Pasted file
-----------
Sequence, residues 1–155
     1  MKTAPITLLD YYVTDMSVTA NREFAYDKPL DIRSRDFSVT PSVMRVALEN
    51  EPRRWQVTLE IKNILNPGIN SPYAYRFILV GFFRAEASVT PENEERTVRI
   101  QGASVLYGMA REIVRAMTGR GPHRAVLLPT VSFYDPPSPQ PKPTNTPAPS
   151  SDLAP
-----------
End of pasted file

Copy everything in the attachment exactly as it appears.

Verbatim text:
Sequence, residues 1–155
     1  MKTAPITLLD YYVTDMSVTA NREFAYDKPL DIRSRDFSVT PSVMRVALEN
    51  EPRRWQVTLE IKNILNPGIN SPYAYRFILV GFFRAEASVT PENEERTVRI
   101  QGASVLYGMA REIVRAMTGR GPHRAVLLPT VSFYDPPSPQ PKPTNTPAPS
   151  SDLAP